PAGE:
It was rarely that a day passed by without one or more whippings. This occurred at the time the cotton was weighed. The delinquent, whose weight had fallen short, was taken out, stripped, made to lie upon the ground, face downwards, when he received a punishment proportioned to his offence. It is the literal, unvarnished truth, that the crack of the lash, and the shrieking of the slaves, can be heard from dark till bed time, on Epps’ plantation, any day almost during the entire period of the cotton-picking season.

The number of lashes is graduated according to the nature of the case. Twenty-five are deemed a mere brush, inflicted, for instance, when a dry leaf or piece of boll is found in the cotton, or when a branch is broken in the field; fifty is the ordinary penalty following all delinquencies of the next higher grade; one hundred is called severe: it is the punishment inflicted for the serious offence of standing idle in the field; from one hundred and fifty to two hundred is bestowed upon him who quarrels with his cabin-mates, and five hundred, well laid on, besides the mangling of the dogs, perhaps, is certain to consign the poor, unpitied runaway to weeks of pain and agony.

During the two years Epps remained on the plantation at Bayou Huff Power, he was in the habit, as often as once in a fortnight at least, of coming home intoxicated from Holmesville. The shooting-matches almost invariably concluded with a debauch. At such times he was boisterous and half-crazy. Often he would break the dishes, chairs, and whatever furniture he could lay his hands on. When satisfied with his amusement in the house, he would seize the whip and walk forth into the yard. Then it behooved the slaves to be watchful and exceeding wary. The first one who came within reach felt the smart of his lash. Sometimes for hours he would keep them running in all directions, dodging around the corners of the cabins. Occasionally he would come upon one unawares, and if he succeeded in inflicting a fair, round blow, it was a feat that much delighted him. The younger children, and the aged, who had become inactive, suffered then. In the midst of the confusion he would slyly take his stand behind a cabin, waiting with raised whip, to dash it into the first black face that peeped cautiously around the corner.

At other times he would come home in a less brutal humor. Then there must be a merrymaking. Then all must move to the measure of a tune. Then Master Epps must needs regale his melodious ears with the music of a fiddle. Then did he become buoyant, elastic, gaily “tripping the light fantastic toe” around the piazza and all through the house.

Tibeats, at the time of my sale, had informed him I could play on the violin. He had received his information from Ford. Through the importunities of Mistress Epps, her husband had been induced to purchase me one during a visit to New Orleans. Frequently I was called into the house to play before the family, mistress being passionately fond of music.

All of us would be assembled in the large room of the great house, whenever Epps came home in one of his dancing moods. No matter how worn out and tired we were, there must be a general dance. When properly stationed on the floor, I would strike up a tune.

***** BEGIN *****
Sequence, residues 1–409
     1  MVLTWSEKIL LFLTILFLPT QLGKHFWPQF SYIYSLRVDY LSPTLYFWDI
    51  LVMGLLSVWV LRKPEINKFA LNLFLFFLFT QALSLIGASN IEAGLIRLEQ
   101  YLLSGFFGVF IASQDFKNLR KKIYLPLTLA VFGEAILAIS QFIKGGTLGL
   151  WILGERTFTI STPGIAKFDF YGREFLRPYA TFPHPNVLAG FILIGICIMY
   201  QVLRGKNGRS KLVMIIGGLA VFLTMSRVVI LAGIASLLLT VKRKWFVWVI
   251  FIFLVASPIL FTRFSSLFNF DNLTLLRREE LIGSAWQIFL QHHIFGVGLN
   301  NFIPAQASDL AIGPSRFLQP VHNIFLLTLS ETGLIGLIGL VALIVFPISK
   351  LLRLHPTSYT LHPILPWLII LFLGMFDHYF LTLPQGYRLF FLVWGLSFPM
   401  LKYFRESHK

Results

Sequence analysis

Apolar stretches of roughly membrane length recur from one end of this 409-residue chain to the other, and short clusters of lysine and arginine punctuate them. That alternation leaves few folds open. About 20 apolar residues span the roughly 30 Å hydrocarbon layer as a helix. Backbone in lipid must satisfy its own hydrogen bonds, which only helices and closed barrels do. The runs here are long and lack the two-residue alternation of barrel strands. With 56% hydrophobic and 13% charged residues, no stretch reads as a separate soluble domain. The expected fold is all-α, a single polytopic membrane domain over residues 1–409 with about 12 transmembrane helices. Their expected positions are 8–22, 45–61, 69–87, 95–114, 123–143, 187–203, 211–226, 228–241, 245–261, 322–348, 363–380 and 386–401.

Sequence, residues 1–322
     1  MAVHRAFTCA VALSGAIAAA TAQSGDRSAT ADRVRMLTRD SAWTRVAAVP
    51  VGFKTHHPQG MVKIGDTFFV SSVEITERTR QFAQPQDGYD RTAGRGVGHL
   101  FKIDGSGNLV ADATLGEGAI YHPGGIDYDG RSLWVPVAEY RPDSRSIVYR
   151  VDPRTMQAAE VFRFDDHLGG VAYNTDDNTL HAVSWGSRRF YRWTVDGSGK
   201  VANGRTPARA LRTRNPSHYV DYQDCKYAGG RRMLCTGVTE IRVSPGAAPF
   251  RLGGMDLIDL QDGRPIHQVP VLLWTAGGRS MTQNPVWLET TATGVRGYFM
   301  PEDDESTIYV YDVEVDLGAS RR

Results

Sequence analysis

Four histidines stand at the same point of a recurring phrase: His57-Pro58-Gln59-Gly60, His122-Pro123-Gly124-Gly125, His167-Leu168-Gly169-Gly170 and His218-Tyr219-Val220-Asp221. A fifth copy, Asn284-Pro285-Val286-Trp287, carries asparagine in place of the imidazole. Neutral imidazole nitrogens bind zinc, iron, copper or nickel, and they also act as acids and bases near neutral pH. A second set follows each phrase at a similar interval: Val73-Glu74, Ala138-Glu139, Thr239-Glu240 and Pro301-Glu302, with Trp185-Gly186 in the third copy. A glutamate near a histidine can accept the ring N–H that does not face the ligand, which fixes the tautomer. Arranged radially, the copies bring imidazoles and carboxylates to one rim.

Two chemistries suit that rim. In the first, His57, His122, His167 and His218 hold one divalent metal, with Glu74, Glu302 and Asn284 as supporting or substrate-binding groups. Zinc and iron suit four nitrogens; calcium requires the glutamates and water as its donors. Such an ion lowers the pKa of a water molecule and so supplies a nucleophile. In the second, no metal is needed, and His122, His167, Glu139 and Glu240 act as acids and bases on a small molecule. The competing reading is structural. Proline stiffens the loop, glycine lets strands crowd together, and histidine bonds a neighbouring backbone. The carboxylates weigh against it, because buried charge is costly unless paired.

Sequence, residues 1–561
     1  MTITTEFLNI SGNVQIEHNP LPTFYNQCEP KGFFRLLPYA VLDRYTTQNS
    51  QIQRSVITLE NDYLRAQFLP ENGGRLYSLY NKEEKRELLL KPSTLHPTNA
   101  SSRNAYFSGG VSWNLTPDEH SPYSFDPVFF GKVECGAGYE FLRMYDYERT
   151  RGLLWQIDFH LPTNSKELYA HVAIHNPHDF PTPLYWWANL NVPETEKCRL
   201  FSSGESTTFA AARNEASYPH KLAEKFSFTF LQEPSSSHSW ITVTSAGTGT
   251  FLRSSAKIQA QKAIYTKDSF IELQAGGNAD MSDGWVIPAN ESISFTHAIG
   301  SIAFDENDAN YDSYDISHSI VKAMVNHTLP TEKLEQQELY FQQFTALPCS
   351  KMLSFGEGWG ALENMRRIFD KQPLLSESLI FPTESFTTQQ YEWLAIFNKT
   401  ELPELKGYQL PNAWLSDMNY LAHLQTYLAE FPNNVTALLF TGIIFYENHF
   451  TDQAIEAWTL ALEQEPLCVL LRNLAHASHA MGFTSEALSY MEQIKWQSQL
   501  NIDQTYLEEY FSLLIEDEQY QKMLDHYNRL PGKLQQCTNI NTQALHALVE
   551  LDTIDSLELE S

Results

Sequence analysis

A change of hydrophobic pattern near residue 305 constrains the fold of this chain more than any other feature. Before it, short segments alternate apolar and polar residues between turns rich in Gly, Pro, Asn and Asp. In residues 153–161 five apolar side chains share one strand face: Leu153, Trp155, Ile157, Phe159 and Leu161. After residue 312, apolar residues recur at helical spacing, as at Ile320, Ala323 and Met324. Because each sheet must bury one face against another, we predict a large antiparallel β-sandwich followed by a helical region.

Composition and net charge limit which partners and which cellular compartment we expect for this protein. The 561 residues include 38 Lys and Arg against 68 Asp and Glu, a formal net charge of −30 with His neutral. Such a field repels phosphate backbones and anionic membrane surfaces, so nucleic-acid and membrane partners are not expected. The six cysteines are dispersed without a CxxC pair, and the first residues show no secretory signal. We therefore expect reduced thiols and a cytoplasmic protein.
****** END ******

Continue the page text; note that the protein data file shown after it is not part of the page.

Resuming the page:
“Dance, you d⁠⸺⁠d niggers, dance,” Epps would shout.

Then there must be no halting or delay, no slow or languid movements; all must be brisk, and lively, and alert. “Up and down, heel and toe, and away we go,” was the order of the hour. Epps’ portly form mingled with those of his dusky slaves, moving rapidly through all the mazes of the dance.

Usually his whip was in his hand, ready to fall about the ears of the presumptuous thrall, who dared to rest a moment, or even stop to catch his breath. When he was himself exhausted, there would be a brief cessation, but it would be very brief. With a slash, and crack, and flourish of the whip, he would shout again, “Dance, niggers, dance,” and away they would go once more, pell-mell, while I spurred by an occasional sharp touch of the lash, sat in a corner, extracting from my violin a marvelous quick-stepping tune. The mistress often upbraided him, declaring she would return to her father’s house at Cheneyville; nevertheless, there were times she could not restrain a burst of laughter, on witnessing his uproarious pranks. Frequently, we were thus detained until almost morning. Bent with excessive toil⁠—actually suffering for a little refreshing rest, and feeling rather as if we could cast ourselves upon the earth and weep, many a night in the house of Edwin Epps have his unhappy slaves been made to dance and laugh.

Notwithstanding these deprivations in order to gratify the whim of an unreasonable master, we had to be in the field as soon as it was light, and during the day perform the ordinary and accustomed task. Such deprivations could not be urged at the scales in extenuation of any lack of weight, or in the cornfield for not hoeing with the usual rapidity. The whippings were just as severe as if we had gone forth in the morning, strengthened and invigorated by a night’s repose. Indeed, after such frantic revels, he was always more sour and savage than before, punishing for slighter causes, and using the whip with increased and more vindictive energy.